I’m pretty sure that the first thing most new dental school and resident grads do when they get their first paycheck is go down to the dealership and buy a new car. And why not? After all, most of you have been slaving away, living on loans or the meager salary of a resident which is barely enough to cover your loan payments and rent. So here you are, finally ready to buy the car you have been thinking about for 7 years. Hopefully this article will help you get a better deal. In addition to getting a good deal, my hope is that this article will help you think through the steps involved with a large purchase.
Many people walk on to a car lot and buy the car that they happen to like best that day. After some discussions, the dealership often just presents a monthly payment to the prospective buyer without even discussing the actual purchase price of the vehicle. Let’s discuss a better method for buying car, even if you are paying monthly.
Also note that this thought process is relevant to any large purchase. The spirit of this article is to get you thinking about how to better manage your finances with a little planning. There are lots of ways to buy a car, this is just one of them.
- First, decide what you can afford and stick to it. If you are going to pay cash for your vehicle, set aside that money and commit to not spending more than that amount. Since most of you probably don’t have much cash sitting in savings, you will likely be financing your purchase. Even if you do have $25,000 sitting in savings, it probably wouldn’t be prudent to unload all of your savings on a car. So the next few steps will talk about what to do if you are going to finance (or Lease – but don’t do that) your vehicle. Oh and if you are already tied up in a car lease you don’t want to be in anymore, consider talking to swap a lease. They can give you some useful advice on how to get out of your lease.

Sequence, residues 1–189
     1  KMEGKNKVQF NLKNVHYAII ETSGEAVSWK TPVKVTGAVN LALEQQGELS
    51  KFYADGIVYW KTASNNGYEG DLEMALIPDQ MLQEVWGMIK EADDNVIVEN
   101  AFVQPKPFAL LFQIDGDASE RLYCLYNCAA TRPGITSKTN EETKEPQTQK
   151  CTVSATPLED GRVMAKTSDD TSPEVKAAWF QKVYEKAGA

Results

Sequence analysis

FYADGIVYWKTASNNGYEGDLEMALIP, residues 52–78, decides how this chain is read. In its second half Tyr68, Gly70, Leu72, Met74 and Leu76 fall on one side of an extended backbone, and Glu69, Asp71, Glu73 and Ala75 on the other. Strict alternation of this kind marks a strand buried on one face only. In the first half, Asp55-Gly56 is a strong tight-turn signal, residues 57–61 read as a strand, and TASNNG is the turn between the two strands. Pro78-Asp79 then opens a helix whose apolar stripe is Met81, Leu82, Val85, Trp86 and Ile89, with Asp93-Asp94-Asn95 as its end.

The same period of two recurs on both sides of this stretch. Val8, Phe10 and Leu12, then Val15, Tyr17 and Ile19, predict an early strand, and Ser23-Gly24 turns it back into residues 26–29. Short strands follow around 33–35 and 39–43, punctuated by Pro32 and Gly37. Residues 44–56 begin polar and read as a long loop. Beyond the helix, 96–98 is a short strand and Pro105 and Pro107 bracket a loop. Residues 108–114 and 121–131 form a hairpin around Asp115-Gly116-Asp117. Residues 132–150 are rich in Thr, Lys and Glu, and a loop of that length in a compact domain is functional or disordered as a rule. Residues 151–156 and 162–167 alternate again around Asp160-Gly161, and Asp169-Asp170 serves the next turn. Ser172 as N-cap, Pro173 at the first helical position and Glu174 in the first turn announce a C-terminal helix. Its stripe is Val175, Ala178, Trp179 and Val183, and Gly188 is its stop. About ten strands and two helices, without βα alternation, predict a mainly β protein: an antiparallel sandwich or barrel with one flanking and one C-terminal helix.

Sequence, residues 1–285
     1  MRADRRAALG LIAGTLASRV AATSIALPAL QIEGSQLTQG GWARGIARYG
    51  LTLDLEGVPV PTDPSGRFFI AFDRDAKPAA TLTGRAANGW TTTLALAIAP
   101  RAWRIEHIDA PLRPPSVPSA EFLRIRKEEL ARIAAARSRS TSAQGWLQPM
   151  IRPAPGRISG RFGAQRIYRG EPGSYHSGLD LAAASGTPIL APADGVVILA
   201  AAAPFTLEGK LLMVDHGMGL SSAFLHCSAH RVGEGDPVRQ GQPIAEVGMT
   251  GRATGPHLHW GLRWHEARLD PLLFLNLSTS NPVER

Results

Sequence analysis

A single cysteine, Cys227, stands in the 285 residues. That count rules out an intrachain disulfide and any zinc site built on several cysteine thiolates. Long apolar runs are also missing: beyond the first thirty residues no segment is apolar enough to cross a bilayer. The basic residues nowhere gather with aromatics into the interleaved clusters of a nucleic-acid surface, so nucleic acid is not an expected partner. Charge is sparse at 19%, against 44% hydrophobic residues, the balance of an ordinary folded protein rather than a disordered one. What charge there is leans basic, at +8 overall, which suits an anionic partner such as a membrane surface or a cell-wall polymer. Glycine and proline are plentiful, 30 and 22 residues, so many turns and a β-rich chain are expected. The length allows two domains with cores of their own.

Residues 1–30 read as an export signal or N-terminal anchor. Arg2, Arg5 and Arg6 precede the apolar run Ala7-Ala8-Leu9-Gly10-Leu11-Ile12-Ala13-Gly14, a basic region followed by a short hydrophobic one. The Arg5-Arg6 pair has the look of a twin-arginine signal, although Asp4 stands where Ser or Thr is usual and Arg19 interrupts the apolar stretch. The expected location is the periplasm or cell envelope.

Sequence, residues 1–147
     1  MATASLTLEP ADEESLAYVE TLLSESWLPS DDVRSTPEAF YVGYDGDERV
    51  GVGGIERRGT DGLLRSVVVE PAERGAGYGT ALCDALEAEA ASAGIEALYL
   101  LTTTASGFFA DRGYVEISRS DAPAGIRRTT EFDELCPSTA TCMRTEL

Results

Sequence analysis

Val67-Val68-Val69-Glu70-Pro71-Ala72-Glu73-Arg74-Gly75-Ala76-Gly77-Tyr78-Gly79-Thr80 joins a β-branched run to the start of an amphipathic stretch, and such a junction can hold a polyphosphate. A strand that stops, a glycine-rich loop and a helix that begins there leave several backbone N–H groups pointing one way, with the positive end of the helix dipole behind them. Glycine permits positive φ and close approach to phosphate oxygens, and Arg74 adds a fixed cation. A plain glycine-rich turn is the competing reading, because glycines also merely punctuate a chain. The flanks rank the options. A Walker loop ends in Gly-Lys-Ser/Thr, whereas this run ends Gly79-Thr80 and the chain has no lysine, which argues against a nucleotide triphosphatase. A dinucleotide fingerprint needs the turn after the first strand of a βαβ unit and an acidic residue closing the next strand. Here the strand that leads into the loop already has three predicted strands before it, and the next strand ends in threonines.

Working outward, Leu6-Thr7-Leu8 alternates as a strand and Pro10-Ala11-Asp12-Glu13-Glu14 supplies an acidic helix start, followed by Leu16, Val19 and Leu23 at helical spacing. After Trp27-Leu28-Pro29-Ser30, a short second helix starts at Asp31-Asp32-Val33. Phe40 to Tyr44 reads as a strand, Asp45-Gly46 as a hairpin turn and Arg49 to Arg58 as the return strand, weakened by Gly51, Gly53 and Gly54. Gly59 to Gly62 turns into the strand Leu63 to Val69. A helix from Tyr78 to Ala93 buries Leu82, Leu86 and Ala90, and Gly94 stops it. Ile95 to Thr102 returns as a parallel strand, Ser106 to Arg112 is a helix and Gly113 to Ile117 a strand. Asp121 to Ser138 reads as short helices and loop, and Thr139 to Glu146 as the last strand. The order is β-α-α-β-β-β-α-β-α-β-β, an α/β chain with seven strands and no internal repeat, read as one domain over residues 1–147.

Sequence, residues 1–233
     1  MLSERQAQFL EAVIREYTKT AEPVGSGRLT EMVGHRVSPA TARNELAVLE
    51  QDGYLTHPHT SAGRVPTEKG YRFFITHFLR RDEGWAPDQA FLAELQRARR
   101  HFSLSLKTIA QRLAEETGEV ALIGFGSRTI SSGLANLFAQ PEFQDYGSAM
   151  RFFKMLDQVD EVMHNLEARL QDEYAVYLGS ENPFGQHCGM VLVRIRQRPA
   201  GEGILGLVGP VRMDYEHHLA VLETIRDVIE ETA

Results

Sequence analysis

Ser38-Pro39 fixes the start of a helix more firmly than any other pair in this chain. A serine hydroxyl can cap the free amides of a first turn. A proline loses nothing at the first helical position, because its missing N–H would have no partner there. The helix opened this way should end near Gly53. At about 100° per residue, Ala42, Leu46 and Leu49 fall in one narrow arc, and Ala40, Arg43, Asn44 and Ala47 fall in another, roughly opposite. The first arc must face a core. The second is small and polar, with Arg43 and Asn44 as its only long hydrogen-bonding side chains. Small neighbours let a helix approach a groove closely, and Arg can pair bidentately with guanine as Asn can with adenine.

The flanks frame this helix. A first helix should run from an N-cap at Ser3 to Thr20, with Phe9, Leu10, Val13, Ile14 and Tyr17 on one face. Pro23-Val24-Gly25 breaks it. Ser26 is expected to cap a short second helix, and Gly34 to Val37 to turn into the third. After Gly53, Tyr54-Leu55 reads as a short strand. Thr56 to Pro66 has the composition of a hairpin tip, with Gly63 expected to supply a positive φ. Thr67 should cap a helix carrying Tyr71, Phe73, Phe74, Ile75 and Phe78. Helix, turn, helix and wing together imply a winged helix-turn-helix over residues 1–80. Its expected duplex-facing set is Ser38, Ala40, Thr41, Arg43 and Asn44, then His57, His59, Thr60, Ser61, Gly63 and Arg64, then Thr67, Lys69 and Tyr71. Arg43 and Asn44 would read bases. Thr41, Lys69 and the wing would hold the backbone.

- Second, figure out what you can afford and commit to not spending more than that amount. Yes, I repeated that on purpose. But this time let’s talk about the payment. Go to your budget (because I know you have set one up) and figure out what kind of monthly commitment you are willing and able to take on. You will be able to borrow far more than is considered prudent so just make sure you have done a good job with your budget. Let’s say that you look at your budget and determine that you are willing to take on a $500 a month payment.
- Figure out what that will buy. You will need to know the interest rate and the number of years you want to repay the loan. We’ll use a 5 year term and an interest rate of 3%. You pick the term (Usually 3-6 years). You can figure out current vehicle loan interest rates with a google search.
- If you want, you can go to a credit union or other financial institution and get preapproved for a car loan. They will tell you the numbers ahead of time and that way you don’t even have to deal with the finance department at the dealership.